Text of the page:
Your job will gives you leave to grieve after a personal crisis, like a divorce or death of a loved one, but you might return to work still feeling emotional. Be upfront with your boss and colleagues about whether you can handle talking about your situation.
Photo by Phil and Pam Gradwell
Your coworkers and superiors may want to offer their condolences when you return to work after a tragedy. While the support can be helpful and uplifting, it can also be distracting and trigger emotions when you're trying to get back into the groove at work. Sara McCord, columnist at The Muse, explains:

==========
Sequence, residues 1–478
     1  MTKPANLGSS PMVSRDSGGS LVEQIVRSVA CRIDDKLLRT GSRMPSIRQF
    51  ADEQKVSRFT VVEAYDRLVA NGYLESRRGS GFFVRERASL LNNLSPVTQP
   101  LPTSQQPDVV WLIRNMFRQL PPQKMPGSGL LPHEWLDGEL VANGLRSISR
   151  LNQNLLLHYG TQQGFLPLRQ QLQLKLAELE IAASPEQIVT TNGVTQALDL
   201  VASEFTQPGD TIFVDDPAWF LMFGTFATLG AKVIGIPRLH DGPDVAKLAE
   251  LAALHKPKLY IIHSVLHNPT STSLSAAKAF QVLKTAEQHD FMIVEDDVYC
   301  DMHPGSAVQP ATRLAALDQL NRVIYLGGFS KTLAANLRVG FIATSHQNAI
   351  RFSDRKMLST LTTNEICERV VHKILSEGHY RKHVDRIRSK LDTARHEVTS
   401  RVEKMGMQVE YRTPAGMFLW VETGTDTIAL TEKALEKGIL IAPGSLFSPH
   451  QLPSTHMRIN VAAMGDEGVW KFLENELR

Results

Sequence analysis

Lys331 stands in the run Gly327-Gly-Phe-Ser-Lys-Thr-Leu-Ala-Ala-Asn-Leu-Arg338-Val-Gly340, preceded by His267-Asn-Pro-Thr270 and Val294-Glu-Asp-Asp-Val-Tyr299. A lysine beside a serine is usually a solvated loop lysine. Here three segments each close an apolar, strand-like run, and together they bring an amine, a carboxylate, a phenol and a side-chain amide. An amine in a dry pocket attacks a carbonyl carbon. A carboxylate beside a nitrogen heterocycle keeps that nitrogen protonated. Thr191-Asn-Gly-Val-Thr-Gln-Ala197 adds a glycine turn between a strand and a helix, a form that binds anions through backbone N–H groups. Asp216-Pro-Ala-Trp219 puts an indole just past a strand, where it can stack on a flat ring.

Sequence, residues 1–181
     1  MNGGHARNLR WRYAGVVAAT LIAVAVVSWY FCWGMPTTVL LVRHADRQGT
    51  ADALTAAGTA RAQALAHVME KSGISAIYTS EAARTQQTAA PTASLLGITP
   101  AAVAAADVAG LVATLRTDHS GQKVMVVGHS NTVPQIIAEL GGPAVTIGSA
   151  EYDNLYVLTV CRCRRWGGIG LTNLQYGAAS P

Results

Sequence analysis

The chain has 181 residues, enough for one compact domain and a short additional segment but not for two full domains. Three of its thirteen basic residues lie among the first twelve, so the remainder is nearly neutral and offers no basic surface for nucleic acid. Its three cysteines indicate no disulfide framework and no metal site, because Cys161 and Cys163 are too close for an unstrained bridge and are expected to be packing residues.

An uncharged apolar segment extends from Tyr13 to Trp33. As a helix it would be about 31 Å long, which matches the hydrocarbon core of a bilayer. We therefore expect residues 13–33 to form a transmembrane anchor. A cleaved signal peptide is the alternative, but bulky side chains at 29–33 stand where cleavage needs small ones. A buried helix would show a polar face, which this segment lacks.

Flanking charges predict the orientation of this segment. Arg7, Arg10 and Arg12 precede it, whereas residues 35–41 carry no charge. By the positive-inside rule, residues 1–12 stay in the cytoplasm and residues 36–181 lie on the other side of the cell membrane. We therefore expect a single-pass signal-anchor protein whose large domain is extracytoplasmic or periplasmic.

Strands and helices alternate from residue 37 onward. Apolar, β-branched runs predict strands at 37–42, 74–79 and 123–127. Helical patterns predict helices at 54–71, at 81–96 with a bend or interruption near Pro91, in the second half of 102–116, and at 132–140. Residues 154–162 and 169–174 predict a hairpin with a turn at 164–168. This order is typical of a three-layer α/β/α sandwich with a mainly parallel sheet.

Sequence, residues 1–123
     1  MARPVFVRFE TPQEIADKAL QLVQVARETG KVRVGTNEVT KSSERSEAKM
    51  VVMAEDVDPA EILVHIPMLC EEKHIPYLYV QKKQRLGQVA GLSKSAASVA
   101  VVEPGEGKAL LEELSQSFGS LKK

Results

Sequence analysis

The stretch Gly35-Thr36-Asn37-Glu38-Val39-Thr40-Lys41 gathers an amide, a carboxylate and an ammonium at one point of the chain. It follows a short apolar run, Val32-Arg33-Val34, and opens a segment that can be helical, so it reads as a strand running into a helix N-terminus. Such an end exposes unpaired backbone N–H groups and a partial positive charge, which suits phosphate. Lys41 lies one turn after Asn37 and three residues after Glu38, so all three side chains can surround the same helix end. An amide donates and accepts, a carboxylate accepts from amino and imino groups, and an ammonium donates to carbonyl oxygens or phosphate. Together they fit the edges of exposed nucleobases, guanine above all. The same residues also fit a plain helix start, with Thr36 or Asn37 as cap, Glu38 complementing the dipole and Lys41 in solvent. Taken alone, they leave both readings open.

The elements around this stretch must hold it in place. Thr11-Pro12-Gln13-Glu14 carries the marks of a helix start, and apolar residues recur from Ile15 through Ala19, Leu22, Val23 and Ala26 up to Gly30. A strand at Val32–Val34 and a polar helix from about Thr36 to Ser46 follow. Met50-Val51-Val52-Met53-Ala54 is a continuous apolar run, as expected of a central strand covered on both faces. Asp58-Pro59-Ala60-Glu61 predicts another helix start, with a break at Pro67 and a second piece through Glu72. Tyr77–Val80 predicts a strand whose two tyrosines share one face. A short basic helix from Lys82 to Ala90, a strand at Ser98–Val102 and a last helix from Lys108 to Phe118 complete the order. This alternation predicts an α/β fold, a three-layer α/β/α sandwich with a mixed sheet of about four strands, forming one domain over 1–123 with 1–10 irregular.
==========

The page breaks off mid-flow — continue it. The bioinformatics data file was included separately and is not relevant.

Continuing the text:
When colleagues acknowledge your situation, it shows that you work in a thoughtful environment. But it can also throw you when you're trying to get your work done and a colleague stops by and asks you about your tough time.
So, while you're talking through your preferred workload, let your boss know your comfort level with discussing your feelings in the office. For instance, tell your boss that it's too hard for you to talk about, so it would be a great help if colleagues treated you per business as usual (and let you be the one to bring it up). If you do this, it can also be helpful to provide another outlet -- mention how much you appreciate condolence cards sent to your home, or ask people to reach out via email. That way, you can decide if you want to continue the conversation in person or wait for another time.
If colleagues interrupting your work to give you some thoughtful support is too much, let your boss know, and offer up some alternatives. Sara makes some other great suggestions at the link below.